TR&D Project 3: Characterizing and Interacting with Cortical Processes
Improved understanding of the brain processes that govern normal or abnormal function, and improved ability to interact with these processes, require the ability to characterize and interact with the complex processes that produce behavior. However, current methods can typically characterize or interact with only simple measures of brain function, but not with the complex processes underlying behaviors. This limitation is a particularly severe problem for imaging technologies that have high spatial and/or temporal resolution, such as electrocorticography (ECoG). If ECoG can be combined with powerful new analytical methods that take full advantage of it, the combination should greatly enhance our understanding of CNS function and our ability to interact with and modify function. It could thereby lead to entirely new kinds of clinical applications. Our preliminary studies show that even relatively simple new methods can yield important new insights and can greatly improve functional mapping prior to brain surgery. Thus, they strongly support this expectation.
To realize this exciting prospect, the central goal of this TR&D project is to develop and validate a coordinated sequence of analytical methods that can use ECoG signals (or other complex measures of brain activity) to characterize and interact with the brain processes responsible for important behaviors such as attention. We will do this by developing analytical algorithms and integrating them into a coordinated four-stage procedure (i.e., feature extraction, modeling the relationships among features, co-registration across individuals, and data reduction) that can detect and represent complex brain signal patterns (Aim 1), and by validating these new methods in scientific and clinical applications (Aim 2).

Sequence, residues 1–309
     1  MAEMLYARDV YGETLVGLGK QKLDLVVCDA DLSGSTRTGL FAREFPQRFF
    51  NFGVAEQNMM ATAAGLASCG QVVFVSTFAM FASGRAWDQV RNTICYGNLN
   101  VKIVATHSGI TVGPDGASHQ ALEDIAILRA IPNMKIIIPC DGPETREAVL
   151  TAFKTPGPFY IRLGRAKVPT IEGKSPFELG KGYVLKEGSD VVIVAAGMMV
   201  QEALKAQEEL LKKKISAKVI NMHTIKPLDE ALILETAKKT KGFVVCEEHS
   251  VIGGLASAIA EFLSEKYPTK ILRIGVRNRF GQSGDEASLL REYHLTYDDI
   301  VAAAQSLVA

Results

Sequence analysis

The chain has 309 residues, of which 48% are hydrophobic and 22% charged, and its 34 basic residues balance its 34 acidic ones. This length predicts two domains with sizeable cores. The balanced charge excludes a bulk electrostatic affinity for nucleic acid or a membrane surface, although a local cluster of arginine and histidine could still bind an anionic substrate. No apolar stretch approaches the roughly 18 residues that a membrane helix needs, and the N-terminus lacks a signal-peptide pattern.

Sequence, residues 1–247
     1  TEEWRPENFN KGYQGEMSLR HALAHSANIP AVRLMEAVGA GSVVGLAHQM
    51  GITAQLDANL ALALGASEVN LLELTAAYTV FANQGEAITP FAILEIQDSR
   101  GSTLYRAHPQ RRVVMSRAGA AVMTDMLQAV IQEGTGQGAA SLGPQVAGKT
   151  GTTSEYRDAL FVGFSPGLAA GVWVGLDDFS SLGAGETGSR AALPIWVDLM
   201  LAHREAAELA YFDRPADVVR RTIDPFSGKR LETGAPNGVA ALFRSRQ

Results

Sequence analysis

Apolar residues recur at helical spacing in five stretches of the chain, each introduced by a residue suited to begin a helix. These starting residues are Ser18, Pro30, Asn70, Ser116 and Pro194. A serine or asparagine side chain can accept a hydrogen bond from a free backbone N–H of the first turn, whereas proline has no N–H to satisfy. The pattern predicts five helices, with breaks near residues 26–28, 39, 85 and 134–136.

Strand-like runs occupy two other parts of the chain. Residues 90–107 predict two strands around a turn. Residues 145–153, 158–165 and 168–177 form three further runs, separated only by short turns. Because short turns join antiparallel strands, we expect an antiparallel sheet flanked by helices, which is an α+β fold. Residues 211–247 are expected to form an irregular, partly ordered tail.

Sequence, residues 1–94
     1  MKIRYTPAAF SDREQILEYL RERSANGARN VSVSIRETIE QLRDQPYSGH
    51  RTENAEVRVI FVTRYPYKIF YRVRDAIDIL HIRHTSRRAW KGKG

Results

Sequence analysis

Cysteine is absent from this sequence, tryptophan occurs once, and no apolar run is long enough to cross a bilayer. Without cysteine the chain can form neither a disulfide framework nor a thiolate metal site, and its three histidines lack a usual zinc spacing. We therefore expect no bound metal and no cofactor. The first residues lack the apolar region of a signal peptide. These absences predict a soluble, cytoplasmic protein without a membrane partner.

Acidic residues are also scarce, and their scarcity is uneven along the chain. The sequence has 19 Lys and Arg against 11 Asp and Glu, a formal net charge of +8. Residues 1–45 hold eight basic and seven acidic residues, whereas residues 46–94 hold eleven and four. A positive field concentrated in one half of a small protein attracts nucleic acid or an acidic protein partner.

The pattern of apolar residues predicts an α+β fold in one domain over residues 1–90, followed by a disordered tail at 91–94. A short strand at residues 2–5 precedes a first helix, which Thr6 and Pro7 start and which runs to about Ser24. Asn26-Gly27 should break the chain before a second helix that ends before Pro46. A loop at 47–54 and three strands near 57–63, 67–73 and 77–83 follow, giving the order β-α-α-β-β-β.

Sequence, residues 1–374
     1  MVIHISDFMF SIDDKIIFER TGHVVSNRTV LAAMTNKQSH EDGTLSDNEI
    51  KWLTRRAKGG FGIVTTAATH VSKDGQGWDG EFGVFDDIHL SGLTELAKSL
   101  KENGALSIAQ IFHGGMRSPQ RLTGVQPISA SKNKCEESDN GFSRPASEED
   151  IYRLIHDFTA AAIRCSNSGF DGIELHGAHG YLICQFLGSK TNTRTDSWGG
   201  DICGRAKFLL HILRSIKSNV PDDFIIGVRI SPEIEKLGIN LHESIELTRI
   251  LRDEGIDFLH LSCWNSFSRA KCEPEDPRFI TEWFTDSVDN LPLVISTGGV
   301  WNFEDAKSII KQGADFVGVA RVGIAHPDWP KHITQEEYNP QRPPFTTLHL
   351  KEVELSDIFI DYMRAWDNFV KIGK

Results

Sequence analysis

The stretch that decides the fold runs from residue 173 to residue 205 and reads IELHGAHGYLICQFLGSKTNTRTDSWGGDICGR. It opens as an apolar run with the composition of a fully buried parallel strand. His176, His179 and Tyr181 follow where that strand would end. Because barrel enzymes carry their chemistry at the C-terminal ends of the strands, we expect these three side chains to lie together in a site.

We expect that this project will produce analysis methods that take full advantage of brain signals that have high spatial and temporal resolution, in particular ECoG. These methods should provide the capacity to characterize, interact with, and/or modify the complex brain processes underlying normal or impaired behaviors. Thus, they should lead to new scientific understanding and to new ways to diagnose and treat a wide range of neurological disorders.
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